Friday, July 1, 2011

DSK case falling apart

Seamus Walsh photo
Dominque Strauss-Kahn, the former IMF chief and once touted as possibly the next president of France, may just walk out of court in New York City a free man.
The sexual assault case against DSK is falling apart – because the hotel maid who is accusing him – has a serious veracity issue.
Picking apart the credibility of an accuser in a sexual assault case is a common defense tactic. But, reportedly, the woman who claimed she was assaulted by DSK in a posh Times Square hotel is of questionable character – having, reports say, a bank account stuffed with $100,000 with what news organizations are describing as “dirty cash” and having close personal ties with a drug dealer.
As this progresses, there are interesting questions to be examined about presumptions.
Were the leaks and the perp walk and the coverage in this case unfair to the accused? Did the public, by extension, rush to judgment? And did that taint the jury pool?
On the other side of the equation, does it really matter the character of the maid? What if she has unsavory connections? Does that necessarily mean she’s lying about the assault? Does that automatically let DSK off the hook?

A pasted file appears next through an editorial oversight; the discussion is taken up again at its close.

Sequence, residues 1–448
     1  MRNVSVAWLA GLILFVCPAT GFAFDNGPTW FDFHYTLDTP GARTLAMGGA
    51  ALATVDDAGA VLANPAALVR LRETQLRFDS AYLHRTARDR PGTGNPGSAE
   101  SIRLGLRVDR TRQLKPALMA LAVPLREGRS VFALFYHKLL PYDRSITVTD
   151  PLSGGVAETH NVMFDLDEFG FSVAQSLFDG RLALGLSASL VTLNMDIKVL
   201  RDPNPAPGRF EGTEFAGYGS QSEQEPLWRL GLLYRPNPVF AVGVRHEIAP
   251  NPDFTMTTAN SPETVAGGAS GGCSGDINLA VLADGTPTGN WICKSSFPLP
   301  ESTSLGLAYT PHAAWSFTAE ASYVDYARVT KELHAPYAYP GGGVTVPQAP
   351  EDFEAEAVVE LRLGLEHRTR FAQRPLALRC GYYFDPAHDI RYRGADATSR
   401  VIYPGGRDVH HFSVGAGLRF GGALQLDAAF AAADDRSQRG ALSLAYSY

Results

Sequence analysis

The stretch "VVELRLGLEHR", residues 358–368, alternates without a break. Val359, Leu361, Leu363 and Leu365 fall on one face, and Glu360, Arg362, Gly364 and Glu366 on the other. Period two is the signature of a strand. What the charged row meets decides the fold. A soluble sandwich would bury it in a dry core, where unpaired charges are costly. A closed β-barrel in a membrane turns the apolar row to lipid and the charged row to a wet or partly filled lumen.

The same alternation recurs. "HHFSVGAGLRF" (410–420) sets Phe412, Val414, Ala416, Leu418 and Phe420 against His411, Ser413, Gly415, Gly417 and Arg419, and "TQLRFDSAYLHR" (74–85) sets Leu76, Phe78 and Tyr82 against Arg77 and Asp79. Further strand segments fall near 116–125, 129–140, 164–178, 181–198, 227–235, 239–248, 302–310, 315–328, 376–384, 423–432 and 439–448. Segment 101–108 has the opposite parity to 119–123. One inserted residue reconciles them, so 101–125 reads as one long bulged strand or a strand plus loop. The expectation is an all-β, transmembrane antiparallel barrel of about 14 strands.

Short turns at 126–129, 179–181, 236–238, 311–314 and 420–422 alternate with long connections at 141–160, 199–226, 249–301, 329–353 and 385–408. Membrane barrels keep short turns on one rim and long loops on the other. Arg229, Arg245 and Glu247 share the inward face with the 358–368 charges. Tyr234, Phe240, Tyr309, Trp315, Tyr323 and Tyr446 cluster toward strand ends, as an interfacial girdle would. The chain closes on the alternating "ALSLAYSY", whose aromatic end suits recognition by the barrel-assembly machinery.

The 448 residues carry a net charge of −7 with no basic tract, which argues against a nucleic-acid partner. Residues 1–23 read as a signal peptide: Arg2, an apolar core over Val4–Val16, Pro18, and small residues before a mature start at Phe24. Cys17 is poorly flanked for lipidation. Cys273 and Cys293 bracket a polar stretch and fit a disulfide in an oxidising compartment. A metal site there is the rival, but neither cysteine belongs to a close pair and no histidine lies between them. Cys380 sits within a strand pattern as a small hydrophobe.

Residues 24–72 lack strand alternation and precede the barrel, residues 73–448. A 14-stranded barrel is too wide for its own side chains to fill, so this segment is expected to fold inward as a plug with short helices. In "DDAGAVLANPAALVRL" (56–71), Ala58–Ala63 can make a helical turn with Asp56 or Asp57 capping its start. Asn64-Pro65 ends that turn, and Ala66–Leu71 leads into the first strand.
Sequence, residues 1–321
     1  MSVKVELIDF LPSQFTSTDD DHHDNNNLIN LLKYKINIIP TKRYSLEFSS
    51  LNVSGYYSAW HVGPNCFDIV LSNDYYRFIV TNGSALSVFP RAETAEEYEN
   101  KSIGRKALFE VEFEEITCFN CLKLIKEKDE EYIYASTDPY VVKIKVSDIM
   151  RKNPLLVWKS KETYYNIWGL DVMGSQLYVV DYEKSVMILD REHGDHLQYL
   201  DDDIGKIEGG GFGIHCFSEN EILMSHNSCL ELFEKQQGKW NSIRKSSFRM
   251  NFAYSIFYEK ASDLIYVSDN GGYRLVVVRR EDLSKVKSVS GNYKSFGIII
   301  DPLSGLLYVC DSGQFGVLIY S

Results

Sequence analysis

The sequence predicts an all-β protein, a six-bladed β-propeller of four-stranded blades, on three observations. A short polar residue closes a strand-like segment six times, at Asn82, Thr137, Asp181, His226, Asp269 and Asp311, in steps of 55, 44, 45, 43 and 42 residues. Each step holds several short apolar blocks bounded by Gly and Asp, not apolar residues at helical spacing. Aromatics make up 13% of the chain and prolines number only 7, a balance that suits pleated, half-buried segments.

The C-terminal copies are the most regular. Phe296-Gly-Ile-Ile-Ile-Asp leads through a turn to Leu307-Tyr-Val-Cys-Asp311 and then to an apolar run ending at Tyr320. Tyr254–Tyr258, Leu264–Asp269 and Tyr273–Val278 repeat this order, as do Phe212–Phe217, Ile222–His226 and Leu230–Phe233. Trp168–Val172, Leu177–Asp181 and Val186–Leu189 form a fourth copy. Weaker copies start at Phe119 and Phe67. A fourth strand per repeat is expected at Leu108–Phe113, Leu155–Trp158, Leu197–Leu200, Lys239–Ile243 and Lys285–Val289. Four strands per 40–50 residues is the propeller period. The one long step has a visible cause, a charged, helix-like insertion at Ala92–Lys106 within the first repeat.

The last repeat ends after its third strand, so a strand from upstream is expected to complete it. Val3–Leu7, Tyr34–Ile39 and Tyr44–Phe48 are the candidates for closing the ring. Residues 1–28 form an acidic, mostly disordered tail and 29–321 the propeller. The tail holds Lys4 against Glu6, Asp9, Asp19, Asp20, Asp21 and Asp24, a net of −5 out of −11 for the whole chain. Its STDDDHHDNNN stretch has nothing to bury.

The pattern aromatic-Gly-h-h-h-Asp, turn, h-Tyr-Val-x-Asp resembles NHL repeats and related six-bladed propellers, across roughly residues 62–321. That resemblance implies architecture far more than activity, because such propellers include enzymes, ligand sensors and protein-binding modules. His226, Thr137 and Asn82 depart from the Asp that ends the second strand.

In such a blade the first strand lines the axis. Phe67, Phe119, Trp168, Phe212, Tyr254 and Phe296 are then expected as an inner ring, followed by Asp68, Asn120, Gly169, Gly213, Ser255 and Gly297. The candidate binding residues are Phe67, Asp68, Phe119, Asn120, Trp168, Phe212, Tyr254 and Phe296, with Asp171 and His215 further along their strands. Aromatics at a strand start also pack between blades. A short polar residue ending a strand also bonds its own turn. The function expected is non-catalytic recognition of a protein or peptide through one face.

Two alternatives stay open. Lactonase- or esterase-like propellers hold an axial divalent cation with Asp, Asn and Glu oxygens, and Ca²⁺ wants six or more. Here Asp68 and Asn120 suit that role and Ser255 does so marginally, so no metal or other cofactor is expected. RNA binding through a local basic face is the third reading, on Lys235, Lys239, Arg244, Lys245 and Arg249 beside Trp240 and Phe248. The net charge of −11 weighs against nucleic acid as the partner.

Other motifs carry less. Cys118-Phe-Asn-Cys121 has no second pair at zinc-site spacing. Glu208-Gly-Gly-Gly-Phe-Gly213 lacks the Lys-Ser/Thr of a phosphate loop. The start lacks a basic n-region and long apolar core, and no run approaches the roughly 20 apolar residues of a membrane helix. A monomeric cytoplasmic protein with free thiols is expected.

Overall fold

I remember, very early in my news reporting career, covering a local case of a prostitute who accused a man (not a customer) of raping her. The defense tried to get the accused off the hook because – well – come on. The accused was a street whore.
The prosecutor objected, declaring to the judge, “prostitutes have rights too!” It worked. She got her conviction.
But credibility is an interesting matter in court cases. Mark Furman’s entire testimony about the OJ Simpson investigation was discounted by the jury when he got caught lying about whether he had ever used the “n” word.
In the Casey Anthony trial, the defense is picking away at her father’s testimony by bringing in a woman who claims to have had an affair with him while his granddaughter – later found dead – was found missing. George Anthony had testified in court, with his wife sitting in the back row, that he had not had an affair.
The “other woman” was quite convincing on the stand. But if he lied about the affair, does that necessarily mean he lied when he denied he had sexually assaulted his own daughter?
The DSK case deserves to be watched. And, if in the end, he is acquitted, what does that tell us about our criminal justice system, media coverage of high profile cases and our tendency to rush to judgment?

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